Better take no chances and tear them all down
Cheers emyr, if there superseding wouldn't it be best to let them get on with it then.

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you get it often with nucs with new queens. They shouldn't need to with a straightforward supersedure as they have the old queen as a fallback
Even if the old queen is failing?
Two of my queen's are laying well and the third is starting to be patchy but all three are still superseding and only last years queen's.

We've made over 20 nucs this season and as far as I'm aware it's not happened in any of them.
It's something I will try and be more observant of.
Thanks jbm you learn something new every day

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Bungle

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many thanks for the replies.
The weather improved and I inspected the original hive and unfortunately i couldn't see any larvae or eggs - so i decided to move the queen cells from the split back to the original hive, leaving the new queen in the split (although i probably set the hive back because some of the brood moved with the QC's.

I inspected again today and found that bees in the old hive have built more queen cells - albeit small ones and i'm not entirely sure if the queen has emerged from the cells i moved there and/or they have been torn down, but ill wait to see now.

The new queen in the split isn't laying as well as i thought so though id take a closer look - using my other half's 'ear' camera. I've uploaded a video link here.... you can see 2-3 eggs in many of the cells?! When viewing the video later on - i noticed a varroa mite on one of the larvae too!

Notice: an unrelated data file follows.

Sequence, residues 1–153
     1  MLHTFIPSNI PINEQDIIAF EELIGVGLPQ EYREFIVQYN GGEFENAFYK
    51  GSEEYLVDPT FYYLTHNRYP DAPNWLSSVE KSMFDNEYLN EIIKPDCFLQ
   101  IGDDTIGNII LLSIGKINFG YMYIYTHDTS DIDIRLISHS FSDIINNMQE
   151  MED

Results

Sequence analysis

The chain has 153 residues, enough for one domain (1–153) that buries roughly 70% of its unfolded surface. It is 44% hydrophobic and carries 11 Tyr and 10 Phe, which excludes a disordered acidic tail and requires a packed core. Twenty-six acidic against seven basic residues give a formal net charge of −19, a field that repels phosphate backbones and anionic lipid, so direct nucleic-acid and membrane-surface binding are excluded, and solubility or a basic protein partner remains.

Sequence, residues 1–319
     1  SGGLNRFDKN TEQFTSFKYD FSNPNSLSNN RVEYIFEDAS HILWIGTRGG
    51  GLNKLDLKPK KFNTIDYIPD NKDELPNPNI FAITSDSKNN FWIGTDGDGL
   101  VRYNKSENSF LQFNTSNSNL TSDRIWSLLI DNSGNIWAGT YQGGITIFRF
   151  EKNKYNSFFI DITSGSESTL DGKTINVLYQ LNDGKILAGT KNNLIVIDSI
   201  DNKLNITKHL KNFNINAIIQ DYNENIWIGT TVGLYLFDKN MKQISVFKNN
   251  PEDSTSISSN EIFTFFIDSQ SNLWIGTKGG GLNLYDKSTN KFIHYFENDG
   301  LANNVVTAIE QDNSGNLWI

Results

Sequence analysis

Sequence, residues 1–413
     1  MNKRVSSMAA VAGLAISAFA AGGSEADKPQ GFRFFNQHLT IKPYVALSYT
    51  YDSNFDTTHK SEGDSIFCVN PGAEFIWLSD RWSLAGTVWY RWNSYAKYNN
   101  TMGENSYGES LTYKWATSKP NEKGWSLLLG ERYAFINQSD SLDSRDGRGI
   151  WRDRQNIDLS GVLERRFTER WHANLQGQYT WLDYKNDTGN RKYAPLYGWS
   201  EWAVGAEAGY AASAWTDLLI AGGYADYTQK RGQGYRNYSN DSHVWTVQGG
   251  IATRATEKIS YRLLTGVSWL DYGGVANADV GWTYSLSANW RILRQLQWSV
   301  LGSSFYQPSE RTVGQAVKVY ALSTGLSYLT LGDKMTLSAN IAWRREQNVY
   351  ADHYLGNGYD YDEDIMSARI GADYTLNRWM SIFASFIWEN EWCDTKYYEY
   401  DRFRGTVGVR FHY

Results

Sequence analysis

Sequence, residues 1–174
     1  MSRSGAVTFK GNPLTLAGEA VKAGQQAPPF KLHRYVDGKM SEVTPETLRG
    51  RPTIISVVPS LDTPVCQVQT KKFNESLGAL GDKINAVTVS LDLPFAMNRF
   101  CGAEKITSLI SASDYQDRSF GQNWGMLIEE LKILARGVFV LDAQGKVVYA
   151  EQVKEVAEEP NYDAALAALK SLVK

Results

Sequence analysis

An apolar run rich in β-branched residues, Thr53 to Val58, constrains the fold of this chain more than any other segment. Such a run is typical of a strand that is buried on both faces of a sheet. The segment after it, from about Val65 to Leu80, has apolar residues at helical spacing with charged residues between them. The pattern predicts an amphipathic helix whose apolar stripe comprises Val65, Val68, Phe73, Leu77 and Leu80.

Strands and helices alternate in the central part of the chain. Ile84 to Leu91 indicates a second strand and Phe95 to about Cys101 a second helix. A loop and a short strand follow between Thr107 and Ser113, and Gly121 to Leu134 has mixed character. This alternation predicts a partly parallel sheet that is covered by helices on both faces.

Its only been a couple of weeks i know, and this hive is not very strong yet - i bought a oxalic acid vaporizer which i've not used yet - can i treat the bees at this early stage?

Just to top it off - I've just noticed swarm cells in my third hive - which is all of a sudden a lot more aggressive than before!!

Year 1 was great - lots of honey - year 2 pff!! forget the honey
 

jenkinsbrynmair

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The capping on the brood is dome shaped, and in a very spotted pattern- there are 2/3 eggs in lots of the cells too. And yet they built QC's soon after the laying started - which i moved back to the original hive :/
Give it a week and check again - she may just be clearing her throat. I had a similar experience this year. I checked a nuc to see if the queen had mated but only saw patchy drone brood on a single frame, I was in a rush and with people working nearby so I just shut them up for dealing the next week.
Ten days later, three frames with a perfect brood pattern
 

Cuckmere couple

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I had this on a few hives this year...Jenkins and Enrico etc gave sound advice
i treated some as continued swarm preps, believing that the swarm instinct hadnt been eradicated...a couple worked ok and others i had to reunite
one, i left the new queen and the 2-3 apparent supercedure cells and a week later, the capped cells had gone and the new queen (marked) was and has remained fine